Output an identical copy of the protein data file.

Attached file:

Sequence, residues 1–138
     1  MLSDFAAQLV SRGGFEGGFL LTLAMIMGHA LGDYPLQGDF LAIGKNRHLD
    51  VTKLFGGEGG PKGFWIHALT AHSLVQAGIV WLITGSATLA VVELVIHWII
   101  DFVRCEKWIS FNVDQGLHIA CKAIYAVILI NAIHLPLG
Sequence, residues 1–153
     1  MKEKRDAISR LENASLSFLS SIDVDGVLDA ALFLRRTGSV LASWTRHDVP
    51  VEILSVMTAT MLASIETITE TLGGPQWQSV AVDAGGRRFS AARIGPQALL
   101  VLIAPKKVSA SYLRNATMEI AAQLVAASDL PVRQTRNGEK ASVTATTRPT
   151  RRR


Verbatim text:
Sequence, residues 1–138
     1  MLSDFAAQLV SRGGFEGGFL LTLAMIMGHA LGDYPLQGDF LAIGKNRHLD
    51  VTKLFGGEGG PKGFWIHALT AHSLVQAGIV WLITGSATLA VVELVIHWII
   101  DFVRCEKWIS FNVDQGLHIA CKAIYAVILI NAIHLPLG
Sequence, residues 1–153
     1  MKEKRDAISR LENASLSFLS SIDVDGVLDA ALFLRRTGSV LASWTRHDVP
    51  VEILSVMTAT MLASIETITE TLGGPQWQSV AVDAGGRRFS AARIGPQALL
   101  VLIAPKKVSA SYLRNATMEI AAQLVAASDL PVRQTRNGEK ASVTATTRPT
   151  RRR